I had to take a psych test to fly F-8s, and those results were finally released through my Freedom of Information Act request:
“Summary of test results for Nelson, Richard J.L., LTJG USN:
1. Inclined to take excessive risks, even where none exist.
2. Appears to be chronically narcissistic, and has high opinion of himself --- for no apparent reason. One instructor’s comment: “Thinks he is God’s gift to Naval Aviation.”
3. Frequently displays lack of respect and deference to authority figures.
4. Believes that any landing approach he can walk away from is a good one.
5. Has a false and unsupported feeling of superiority, especially after consumption of alcohol.
6. Apparently has political ambitions, and states that he aspires to be the Mayor of Olongapo.
7. Not well suited for any other career path, after F-8 squadron assignment; does not get along well with superiors, Black Shoes, Submariners, and shows only grudging respect for U.S. Marines --- especially those who are Naval Aviators.
8. Overly aggressive --- states he wants to have a full ordnance load, even while flying in CONUS on training missions. He once zoomed to 50,000 ft. and fired a Sidewinder at the sun, to see if he could hit it.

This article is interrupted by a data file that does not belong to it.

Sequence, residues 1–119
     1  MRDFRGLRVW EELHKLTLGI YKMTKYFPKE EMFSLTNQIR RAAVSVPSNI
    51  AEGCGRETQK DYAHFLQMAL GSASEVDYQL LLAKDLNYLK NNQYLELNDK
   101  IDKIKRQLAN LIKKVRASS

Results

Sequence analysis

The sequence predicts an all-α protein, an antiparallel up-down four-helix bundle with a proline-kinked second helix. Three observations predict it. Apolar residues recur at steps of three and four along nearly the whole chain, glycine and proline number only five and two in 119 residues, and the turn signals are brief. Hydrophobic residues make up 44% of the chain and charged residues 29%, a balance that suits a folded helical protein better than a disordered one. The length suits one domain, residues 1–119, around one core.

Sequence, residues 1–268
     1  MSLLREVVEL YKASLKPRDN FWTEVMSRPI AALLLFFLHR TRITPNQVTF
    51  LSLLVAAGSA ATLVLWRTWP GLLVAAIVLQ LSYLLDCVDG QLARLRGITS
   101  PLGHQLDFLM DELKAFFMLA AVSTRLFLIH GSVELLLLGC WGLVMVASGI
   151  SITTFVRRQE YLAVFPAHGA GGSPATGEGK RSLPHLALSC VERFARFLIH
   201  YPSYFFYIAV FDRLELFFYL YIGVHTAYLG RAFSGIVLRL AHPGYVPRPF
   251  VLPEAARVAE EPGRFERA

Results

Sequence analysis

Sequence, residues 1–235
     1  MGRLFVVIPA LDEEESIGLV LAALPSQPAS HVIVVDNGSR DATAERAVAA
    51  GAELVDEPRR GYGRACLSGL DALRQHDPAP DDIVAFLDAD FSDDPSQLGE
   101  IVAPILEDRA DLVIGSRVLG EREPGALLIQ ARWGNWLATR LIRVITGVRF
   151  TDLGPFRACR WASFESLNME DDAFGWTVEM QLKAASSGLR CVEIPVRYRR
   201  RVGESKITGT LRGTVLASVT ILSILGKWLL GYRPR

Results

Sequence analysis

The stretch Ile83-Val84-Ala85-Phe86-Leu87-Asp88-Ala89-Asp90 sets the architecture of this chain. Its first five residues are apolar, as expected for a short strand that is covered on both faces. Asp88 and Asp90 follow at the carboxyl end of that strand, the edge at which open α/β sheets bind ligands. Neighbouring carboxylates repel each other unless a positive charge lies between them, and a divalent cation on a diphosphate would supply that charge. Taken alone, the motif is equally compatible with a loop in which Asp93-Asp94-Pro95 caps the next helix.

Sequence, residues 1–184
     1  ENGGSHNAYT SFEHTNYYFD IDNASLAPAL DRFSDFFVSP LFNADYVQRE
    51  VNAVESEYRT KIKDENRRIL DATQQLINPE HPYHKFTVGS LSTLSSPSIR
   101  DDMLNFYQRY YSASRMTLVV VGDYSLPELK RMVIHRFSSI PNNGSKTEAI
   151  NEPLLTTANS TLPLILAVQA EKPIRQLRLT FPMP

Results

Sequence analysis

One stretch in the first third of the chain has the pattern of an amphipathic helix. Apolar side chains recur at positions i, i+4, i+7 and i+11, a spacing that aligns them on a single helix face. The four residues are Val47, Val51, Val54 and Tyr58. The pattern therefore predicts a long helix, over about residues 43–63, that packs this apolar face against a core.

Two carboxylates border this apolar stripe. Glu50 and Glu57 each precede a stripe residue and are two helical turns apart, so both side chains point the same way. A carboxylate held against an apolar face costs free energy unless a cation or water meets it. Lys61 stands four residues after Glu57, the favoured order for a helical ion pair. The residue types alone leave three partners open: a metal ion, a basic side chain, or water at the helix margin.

9. Resists complying with established Naval protocols and etiquette --- once left a calling card in the tray at an admiral’s home that said: ‘Hot Dog Nelson ---- have parachute, will travel.’
10. After receiving a poor Fitness Report, instead of promising to correct his deficiencies, pointed out to his CO several misspelled words in the report.
11. Fails to use proper decorum in wardroom or officers’ mess. Instead of politely asking the senior officer at a table if he could be seated there, he grabbed a spoon and simulated a ship’s bell on the Commander’s water glass, saying, “Fighter pilot --- arriving!”
12. When invited to join a senior officer’s family for breakfast, he replied, “I’ve already had a Fighter Pilot’s Breakfast --- a puke, two aspirin, and a cigarette. Thanks anyway.”
13. When the interviewer inquired what he usually wore to bed, he replied, “Nothing but my G-suit and flight boots. You never know when you have to launch.”
14. When asked what approach speed should be used in the F-8E, he replied, “Whatever is necessary.”
15. According to his statements, he thinks night refueling is asking the O’Club bartender for another round.
BOARD CONCLUSION:
“This man is expendable, but highly qualified for a fleet F-8 squadron.”
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Unread post21 Jun 2020, 11:44

20 page PDF about the RADAR, Gunsight & Gunnery Systems for the F-8H&J Crusader from USN NATOPS 01 May 1974:

https://www.filefactory.com/file/1a2l6c ... Manual.pdf (45Mb)